- DBMS packages based on the relational model can link data elements from various tables to provide information to users.
Multidimensional Structure:
- Is a variation of the relational model that uses multidimensional structures to store data and relationships between data.
- A major benefit of multidimensional databases is that they are a compact and easy-to-understand way to visualize and manipulate data elements that have many interrelationships. 
- Multidimensional databases have become the most popular database structure for the analytical databases that support online analytical processing (OLAP) applications.  
Object-Oriented Structure:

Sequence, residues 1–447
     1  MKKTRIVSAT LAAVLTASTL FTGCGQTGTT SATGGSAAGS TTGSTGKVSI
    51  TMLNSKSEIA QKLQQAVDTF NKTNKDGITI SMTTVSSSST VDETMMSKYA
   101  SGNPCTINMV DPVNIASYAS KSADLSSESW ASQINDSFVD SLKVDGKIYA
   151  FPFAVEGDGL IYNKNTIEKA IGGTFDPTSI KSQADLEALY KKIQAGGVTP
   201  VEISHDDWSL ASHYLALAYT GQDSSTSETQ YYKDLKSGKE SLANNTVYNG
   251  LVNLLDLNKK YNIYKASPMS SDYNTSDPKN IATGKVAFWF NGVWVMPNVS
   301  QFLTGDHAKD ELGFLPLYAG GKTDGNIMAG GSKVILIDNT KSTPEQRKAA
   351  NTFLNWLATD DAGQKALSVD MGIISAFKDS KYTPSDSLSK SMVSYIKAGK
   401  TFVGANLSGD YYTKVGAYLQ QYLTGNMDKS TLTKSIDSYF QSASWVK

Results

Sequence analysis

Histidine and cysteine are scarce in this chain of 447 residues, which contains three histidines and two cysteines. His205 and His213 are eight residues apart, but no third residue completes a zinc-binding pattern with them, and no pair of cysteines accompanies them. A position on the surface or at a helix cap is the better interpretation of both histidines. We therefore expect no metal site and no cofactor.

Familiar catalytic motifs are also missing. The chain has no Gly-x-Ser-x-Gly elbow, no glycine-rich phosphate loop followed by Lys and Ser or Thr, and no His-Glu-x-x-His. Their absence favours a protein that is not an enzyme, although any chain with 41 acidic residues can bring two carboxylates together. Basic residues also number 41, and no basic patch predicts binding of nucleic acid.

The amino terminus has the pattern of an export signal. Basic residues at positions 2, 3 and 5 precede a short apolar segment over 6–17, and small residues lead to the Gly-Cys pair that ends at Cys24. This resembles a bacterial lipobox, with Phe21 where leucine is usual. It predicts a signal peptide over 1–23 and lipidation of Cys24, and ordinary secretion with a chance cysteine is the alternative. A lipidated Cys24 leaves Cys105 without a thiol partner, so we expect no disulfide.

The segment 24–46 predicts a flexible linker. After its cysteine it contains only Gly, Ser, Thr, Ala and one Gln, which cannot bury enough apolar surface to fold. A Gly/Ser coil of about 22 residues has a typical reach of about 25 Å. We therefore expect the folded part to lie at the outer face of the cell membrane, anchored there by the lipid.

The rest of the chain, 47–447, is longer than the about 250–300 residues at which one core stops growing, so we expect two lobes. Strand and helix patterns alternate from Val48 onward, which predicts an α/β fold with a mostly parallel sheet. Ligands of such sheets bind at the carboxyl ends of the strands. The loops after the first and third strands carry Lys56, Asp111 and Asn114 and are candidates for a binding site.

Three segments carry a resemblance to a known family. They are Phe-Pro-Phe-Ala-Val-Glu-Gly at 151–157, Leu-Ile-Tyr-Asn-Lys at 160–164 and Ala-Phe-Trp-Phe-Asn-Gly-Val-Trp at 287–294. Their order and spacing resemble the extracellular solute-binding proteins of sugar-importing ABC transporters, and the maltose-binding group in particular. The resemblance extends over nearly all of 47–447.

- Is considered to be one of the key technologies of a new generation of multimedia web-based applications.
- In an object-oriented structure, an object consists of data values describing the attributes of an entity plus the operations that can be performed upon the data.  This encapsulation capability allows the object-oriented model to better handle more complex types of data (graphics, voice, text) than other database structures.

- Supports inheritance, that is, new objects can be automatically created by replicating some or all of the characteristics of one or more parent objects.
-Object-capabilities and inheritance have made object-oriented database management systems (OODMS) popular in computer-aided design (CAD) applications.  Designers can develop product designs, store them as objects in an object-oriented database, and replicate and modify them to create new product designs. Multimedia web-based applications for the Internet and corporate intranets and extranets have become a major application area for object technology.